Digital Savant: Apps may help you get to ACL Fest
Depending on your attitude, getting to Austin City Limits Festival is either a glorious, people-watching adventure or a necessary chore. During the fest, traffic near Barton Springs Road and South Lamar Boulevard tightens up like a migraine headache. Your transit options come down to a long hike from a distant parking spot, shuttling by bus, biking or more expensive options like taxis and pedicabs.
If you’re feeling especially adventurous this year, you can put your smart phone to work and try a few apps meant to get you around more efficiently to see if they hold up under the stress test of a major festival.
An app released this summer by a local company can summon a taxi for you and even show you its progress as it travels to pick you up. And an app that we took a look at a while back has made major improvements to provide continually updated parking information for downtown Austin.
“Hail A Cab,” an app released in late July, is a way to catch a Yellow Cab Austin taxi from anywhere in the city and even in Round Rock, San Marcos or other outlying areas. The free app for Apple and Android devices with GPS is part of a tech upgrade the company is making to its 455-vehicle fleet.
That upgrade includes changing the way the cabs communicate (now via cell towers instead of radio towers), the way they find direction (GPS ahoy!) and how payments are accepted in the car (now customers can swipe their own credit card instead of handing it over).
“Hail A Cab” app (hailacabapp.com) allows a smart-phone user to summon a cab by sending location information — retrieved automatically via GPS — directly to the company’s dispatch system, bypassing operators and, in theory, delivering more accurate information more quickly to cab drivers.
Edward Kargbo, president of Yellow Cab, says that during high-traffic times like ACL Fest, the app can speed up things for customers and for his company. “Before, you have to reach a person, they have to type it in … that process means the potential passenger may not know exactly where they are and there may be a typo or error,” Kargbo said. “It’s a faster way to communicate with our call center and get GPS information within 50 feet of accuracy. You push two buttons and all of that info is in there.”
Kargbo visited the American-Statesman and used the app to call a cab for us for a quick round trip to City Hall. The app worked as promised. In about three or four minutes, a cab was on its way and we could see on his iPhone screen where the cab was, updated every 30 seconds.
Other app features: a map of Austin’s 11 cab stands, the ability to see how much you’re paying on the cell phone screen and, in the future, the potential to pay by phone. You can use the app to call a cab with special instructions (say, a wheelchair-accessible cab).
Because of local rules governing Austin cabs, you can’t enter destination information by phone. Kargbo says that the rules are meant to prevent cabbies from cherry-picking routes.
Another free app, “ParkMe,” has made major improvements since we looked at it last year. The Santa Monica, Calif.-based company, which appears to have taken a shine to our city, has used Austin as a testing ground for parking meter information that is updated every five minutes. It has even been offering Austin drivers $50 to test its app.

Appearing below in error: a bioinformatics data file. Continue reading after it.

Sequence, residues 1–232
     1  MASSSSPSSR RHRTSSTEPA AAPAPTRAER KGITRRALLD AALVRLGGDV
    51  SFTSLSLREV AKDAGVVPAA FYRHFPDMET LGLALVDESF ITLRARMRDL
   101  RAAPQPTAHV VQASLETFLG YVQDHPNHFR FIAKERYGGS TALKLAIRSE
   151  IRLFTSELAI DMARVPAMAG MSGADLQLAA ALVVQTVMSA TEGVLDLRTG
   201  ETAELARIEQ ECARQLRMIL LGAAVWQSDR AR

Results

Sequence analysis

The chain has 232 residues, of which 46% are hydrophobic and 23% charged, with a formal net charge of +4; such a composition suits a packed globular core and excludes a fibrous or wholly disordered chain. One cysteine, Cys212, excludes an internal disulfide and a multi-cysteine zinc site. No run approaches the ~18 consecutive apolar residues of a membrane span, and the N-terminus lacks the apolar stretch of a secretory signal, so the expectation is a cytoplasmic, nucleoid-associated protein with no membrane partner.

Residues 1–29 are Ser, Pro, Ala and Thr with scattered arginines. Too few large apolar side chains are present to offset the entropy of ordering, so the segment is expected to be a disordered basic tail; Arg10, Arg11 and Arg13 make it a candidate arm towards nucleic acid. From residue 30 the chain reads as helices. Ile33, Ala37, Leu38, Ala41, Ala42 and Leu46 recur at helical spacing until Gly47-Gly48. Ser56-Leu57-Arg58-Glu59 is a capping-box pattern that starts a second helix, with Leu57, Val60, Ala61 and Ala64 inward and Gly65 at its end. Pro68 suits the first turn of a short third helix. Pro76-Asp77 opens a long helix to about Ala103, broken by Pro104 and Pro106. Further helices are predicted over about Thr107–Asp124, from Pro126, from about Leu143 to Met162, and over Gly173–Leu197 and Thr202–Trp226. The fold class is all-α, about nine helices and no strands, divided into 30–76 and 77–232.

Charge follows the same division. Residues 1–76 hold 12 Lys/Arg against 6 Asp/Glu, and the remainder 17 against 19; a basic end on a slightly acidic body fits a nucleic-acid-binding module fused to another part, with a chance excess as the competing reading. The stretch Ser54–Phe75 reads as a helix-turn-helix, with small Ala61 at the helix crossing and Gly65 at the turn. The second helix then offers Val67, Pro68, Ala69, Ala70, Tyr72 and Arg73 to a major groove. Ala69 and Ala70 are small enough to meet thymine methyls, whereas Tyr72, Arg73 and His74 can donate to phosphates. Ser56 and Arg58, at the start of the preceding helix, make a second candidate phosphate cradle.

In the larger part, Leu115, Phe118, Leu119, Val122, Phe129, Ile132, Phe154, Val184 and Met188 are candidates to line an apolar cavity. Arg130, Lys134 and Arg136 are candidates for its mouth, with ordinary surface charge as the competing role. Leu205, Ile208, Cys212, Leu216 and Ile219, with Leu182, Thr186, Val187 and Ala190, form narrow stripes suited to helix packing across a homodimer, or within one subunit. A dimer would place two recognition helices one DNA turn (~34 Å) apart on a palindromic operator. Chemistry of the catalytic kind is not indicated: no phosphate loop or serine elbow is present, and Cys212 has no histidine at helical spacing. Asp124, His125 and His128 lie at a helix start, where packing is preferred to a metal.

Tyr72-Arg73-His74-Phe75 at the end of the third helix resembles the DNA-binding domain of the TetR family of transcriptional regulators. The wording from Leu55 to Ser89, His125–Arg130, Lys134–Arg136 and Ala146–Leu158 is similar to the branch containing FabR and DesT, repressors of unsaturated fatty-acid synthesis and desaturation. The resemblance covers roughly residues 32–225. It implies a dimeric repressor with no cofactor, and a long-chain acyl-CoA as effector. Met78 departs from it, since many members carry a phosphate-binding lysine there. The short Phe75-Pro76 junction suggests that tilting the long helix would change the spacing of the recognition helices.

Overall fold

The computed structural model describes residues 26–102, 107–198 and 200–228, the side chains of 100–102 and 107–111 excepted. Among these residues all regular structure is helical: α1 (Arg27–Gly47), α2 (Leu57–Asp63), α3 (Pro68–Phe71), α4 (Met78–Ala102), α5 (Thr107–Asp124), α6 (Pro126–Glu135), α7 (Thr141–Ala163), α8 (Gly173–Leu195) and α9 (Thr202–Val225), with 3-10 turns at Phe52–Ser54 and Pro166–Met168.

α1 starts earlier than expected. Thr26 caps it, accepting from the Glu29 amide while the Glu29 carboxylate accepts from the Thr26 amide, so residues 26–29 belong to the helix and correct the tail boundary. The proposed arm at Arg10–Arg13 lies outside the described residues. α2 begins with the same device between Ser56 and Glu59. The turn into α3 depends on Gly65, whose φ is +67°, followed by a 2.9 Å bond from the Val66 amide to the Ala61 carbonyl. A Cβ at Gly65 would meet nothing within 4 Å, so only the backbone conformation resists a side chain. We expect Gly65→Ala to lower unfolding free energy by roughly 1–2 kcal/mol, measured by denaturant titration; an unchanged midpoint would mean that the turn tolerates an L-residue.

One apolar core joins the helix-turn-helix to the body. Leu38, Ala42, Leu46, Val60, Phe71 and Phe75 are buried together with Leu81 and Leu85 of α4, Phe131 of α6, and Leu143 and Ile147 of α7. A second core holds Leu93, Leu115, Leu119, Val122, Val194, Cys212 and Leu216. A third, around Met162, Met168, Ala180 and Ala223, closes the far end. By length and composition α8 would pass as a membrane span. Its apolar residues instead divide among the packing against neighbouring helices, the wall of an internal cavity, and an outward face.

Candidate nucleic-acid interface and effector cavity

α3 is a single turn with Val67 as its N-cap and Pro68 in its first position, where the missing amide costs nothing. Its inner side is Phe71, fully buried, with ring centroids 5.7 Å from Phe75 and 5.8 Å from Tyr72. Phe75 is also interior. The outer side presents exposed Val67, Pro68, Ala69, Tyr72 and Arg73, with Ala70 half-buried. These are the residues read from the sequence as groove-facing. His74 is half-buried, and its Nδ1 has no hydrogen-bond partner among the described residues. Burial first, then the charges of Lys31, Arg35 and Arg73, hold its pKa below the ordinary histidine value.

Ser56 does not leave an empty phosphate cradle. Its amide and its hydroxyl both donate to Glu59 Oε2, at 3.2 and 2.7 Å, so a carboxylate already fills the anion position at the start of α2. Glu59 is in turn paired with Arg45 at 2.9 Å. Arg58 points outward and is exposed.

The iOS-only app uses transaction data gathered by the city’s downtown single-space meters and parking pay stations, feeds that data into its own algorithms and deduces where you’re most likely to find parking. You choose whether you prefer cheaper or closer parking and you can also see parking garage and surface lot pricing and availability.
In other cities, like San Francisco, sensors are installed at individual meters, but for Austin, ParkMe CEO Sam Friedman believes his company’s method helps drivers avoid a game of parking whack-a-mole.
“It’s not about ‘here’s a spot, there’s a spot, there’s a spot.’ If a sensor tells me there’s a spot two blocks away, by the time I get there, it’s gone,” Friedman said. Instead, the app shows you on a map where clusters of spaces are likely to be.
Steve Grassfield, the City of Austin parking enterprise manager, worked with ParkMe and says it’s far less expensive than other ideas proposed to deal with parking-related traffic downtown and helps solve a major problem. “Thirty to 40 percent of traffic is people looking for parking,” Grassfield said, “It’s advantageous to the public.”
You can’t pay for parking through the app, but there are plans for that, as well as the option to reserve spots in parking garages. ParkMe plans to expand such service to Los Angeles, Chicago, Seattle and New York. It also is beginning to license parking information to navigation companies.
Once you actually get to the fest, try out the official Austin City Limits Festival app, which includes a map of music stages, food booths, ATMs, water stations and a handy “Find Me” option. Unfortunately, wireless service can sometimes be spotty at the festival, so if you’re worried about getting lost, a paper map wouldn’t hurt, either.
Other transportation options